The FDA failed by not warning parents that there would be a shortage of baby-formula as soon as the main US manufacturer was shut down, one of the agency’s top former executives told the Post on Friday.
“They knew this was going to be a state of scarcity,” former associate commissioner Peter Pitts said of the now nationwide crisis.
“They should have educated parents, giving them advanced warnings, telling them how to prepare. The result is that one day the parents walk into the store and the shelves are empty – and they panic.”
Ever since mega-manufacturer Abbott issued a safety recall in February over contamination concerns for products made at its plant in Sturgis, Michigan, desperate parents have been looking for baby formula in stores nationwide.
The Food and Drug Administration later closed the plant when federal inspectors found that Abbott failed to maintain sanitary conditions and procedures there — sparking a cascade of crippling effects on the supply chain.
Some frantic parents have been reduced to gulping down their current modest supply, while others drive for hours in search of formula, created by Facebook groups specially designed to help them in their quest. has gone.
“This is a situation that started in February. … the FDA really should have made this a big deal,” said Pitts, who now heads the Center for Medicine in the Public Interest.
“The White House isn’t handling it,” Pitts said bluntly.
The Biden administration has come under intense scrutiny for the debacle, with the White House only announcing Thursday that it will eventually begin clearing the way for imports of formula from overseas – even though it claims it has been doing this from the start. was on top of the issue.
The administration did not disclose when President Biden was first told about the pending deficiencies.
On Friday, Biden slammed critics from both sides of the aisle, claiming that only “mind readers” could have done a better job handling the crisis.
Outgoing White House press secretary Jen Psaki was no help at her last press briefing on Friday when asked how long the shortages were expected to be an issue.
“A really important question, but it’s hard for us to make an assessment,” she said, adding that the administration is still weighing whether to invoke the Emergency Defense Production Act to increase supplies.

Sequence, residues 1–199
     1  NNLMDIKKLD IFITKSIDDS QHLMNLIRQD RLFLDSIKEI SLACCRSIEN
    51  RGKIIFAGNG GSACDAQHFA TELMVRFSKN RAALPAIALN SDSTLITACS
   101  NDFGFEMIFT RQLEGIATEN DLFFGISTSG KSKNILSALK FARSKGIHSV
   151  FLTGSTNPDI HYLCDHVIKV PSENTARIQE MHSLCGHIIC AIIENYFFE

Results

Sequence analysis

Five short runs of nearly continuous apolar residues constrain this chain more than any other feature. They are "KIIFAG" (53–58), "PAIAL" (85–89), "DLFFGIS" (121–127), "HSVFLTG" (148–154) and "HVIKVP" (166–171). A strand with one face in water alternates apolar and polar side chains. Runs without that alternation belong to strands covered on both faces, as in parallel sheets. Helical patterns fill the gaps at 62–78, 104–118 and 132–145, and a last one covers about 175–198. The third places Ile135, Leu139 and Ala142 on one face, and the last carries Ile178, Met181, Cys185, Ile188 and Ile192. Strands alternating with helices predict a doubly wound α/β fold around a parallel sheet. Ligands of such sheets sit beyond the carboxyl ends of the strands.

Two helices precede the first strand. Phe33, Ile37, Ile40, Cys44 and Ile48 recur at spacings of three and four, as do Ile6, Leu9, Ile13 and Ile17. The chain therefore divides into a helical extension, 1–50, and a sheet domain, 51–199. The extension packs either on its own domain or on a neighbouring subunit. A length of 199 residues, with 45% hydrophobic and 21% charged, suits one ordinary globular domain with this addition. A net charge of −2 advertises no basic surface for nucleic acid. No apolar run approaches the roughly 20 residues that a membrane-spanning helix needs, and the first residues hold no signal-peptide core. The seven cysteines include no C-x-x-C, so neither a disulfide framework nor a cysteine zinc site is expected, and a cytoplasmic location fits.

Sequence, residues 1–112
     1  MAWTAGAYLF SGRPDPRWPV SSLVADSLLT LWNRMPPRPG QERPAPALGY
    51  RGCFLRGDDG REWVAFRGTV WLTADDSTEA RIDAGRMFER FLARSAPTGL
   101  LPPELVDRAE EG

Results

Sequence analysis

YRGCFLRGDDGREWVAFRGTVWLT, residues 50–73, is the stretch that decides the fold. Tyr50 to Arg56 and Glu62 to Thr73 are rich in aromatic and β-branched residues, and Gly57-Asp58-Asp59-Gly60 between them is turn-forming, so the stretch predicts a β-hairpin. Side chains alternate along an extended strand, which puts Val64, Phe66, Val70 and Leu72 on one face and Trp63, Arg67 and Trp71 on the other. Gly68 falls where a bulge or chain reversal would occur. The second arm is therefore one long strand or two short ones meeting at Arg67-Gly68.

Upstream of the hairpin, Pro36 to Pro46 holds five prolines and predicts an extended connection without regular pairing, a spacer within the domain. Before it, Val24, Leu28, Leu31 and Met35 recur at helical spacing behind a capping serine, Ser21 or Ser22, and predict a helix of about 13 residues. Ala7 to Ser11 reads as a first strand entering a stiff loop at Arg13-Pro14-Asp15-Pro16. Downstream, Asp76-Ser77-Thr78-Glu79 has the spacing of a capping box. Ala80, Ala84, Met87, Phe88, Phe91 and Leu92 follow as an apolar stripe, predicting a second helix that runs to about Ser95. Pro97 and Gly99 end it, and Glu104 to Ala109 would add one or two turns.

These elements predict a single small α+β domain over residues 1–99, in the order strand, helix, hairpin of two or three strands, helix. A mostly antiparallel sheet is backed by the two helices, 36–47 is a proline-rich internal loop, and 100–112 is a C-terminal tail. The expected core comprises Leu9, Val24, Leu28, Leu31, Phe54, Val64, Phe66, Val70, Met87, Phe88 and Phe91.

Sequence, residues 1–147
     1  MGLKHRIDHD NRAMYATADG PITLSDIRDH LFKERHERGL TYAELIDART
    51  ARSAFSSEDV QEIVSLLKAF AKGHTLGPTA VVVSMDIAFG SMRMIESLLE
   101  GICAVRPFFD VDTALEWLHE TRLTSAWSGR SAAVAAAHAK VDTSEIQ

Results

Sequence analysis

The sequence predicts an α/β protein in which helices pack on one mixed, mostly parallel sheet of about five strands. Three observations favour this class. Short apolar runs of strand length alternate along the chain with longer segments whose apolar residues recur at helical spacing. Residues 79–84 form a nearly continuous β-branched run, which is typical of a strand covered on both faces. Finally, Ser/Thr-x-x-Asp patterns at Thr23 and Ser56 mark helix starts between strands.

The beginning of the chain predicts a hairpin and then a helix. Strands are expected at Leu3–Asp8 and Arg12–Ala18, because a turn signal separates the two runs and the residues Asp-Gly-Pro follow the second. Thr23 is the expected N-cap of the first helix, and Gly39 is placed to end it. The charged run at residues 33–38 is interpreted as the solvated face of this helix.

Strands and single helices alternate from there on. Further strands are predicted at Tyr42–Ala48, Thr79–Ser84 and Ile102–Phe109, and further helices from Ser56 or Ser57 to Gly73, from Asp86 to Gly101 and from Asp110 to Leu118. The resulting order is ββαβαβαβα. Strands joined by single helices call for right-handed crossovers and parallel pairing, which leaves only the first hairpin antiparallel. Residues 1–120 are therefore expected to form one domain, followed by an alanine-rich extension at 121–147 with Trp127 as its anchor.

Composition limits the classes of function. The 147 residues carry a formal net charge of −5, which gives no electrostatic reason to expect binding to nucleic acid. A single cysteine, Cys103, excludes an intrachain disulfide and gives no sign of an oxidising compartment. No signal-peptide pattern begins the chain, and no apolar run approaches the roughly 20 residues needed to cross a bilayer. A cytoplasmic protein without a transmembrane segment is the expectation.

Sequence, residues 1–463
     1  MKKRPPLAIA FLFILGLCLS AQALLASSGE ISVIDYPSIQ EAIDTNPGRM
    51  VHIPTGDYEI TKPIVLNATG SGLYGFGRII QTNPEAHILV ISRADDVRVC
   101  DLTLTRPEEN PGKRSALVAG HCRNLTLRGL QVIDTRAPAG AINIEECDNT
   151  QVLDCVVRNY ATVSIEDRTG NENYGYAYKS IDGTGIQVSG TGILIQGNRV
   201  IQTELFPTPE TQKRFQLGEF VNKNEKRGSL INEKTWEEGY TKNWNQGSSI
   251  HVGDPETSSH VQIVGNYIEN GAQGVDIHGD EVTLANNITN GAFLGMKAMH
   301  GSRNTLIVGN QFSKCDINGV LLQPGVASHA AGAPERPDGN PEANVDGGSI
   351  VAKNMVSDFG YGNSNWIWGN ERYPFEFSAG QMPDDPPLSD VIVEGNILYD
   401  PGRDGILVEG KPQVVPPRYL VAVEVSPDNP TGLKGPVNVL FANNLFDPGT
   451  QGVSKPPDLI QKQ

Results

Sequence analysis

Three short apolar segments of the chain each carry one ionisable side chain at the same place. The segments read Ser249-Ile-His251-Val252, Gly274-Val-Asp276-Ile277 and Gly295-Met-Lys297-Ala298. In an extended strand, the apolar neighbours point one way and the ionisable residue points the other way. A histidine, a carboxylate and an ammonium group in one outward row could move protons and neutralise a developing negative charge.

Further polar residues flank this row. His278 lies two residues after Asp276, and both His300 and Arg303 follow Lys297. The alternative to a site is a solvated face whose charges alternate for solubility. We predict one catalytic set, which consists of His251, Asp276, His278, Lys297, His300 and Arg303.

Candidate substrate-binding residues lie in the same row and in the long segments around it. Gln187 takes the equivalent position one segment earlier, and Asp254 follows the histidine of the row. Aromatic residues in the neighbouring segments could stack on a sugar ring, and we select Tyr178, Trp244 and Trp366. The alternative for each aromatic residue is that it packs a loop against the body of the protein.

Saki was later asked whether, if anything, the administration expressed regret in dealing with the debacle – and danced again to answer the question.
“Hindsight is always 20:20,” she said.
FDA Commissioner Dr Robert Califf claimed in a tweet on Friday that the government’s efforts to help other companies ramp up production and increase imports from overseas should ease the shortage within “weeks”.
“We believe that these and other ongoing efforts will help to dramatically improve supply in the US in a matter of weeks,” he wrote.
“Our data indicates that stock rates in retail stores are stabilizing but we continue to operate round the clock to further increase availability.”
He said the federal agency will announce plans next week for how manufacturers and suppliers abroad can import their products into the US, as well as create flexibility for domestic companies.
But the head of Wal-Mart and Amazon’s brand baby formula maker Perrigo told Reuters on Friday he expects the shortfall to remain “the balance of the year.”
According to Perigo CEO Murray Kessler, the company’s two manufacturing plants in Ohio and Vermont are operating at 115 percent capacity to churn out off-brand versions of Similac Pro Sensitive and Pro Advance and Enfamil Gentle Ease and Infant.
“We’ve stepped up and are beating ourselves up to do everything we can,” said Kessler, whose company also makes other brands like Bobby’s.
Abbott insisted it would be able to resume manufacturing at its closed plant “within two weeks” after the FDA approved it to resume operations.
“We know the recall has worsened industry-wide infant formula shortages, and we’re working to get as much of the product into the hands of parents as we can,” the company said in a statement.
Since closing, Abbott said it has shipped millions of cans to the US from its FDA-registered facility in Ireland and prioritized infant formula production at its facility in Columbus, Ohio.
Various industry experts said the formula catastrophe could have been avoided if the government had a clear leadership and a “dedicated food agency”.
“When you look at the population that swallowed this product, the whole situation could have been handled with urgency,” said Mitzi Baum, chief executive of the nonprofit STOP Food Born Illness.
Baum said the delay is a reflection of “system dysfunction” not protecting public health.
“Most of the FDA’s funding goes toward drugs and devices and the agency’s food share is severely underfunded and there is a lack of clear leadership,” Baum said.
“I don’t blame the FDA, I blame the government,” said Hal King, managing partner of Active Food Safety LLC, a consulting firm for the food industry.
“We need a dedicated food agency,” King said.
“The FDA’s communication to the public and the company’s communication to the public was very slow in letting people know that there was food in the system that is making people sick.
“Pulling stuff off shelves is nice, but it doesn’t tell people about the products they might have in their homes. That process is broken. ,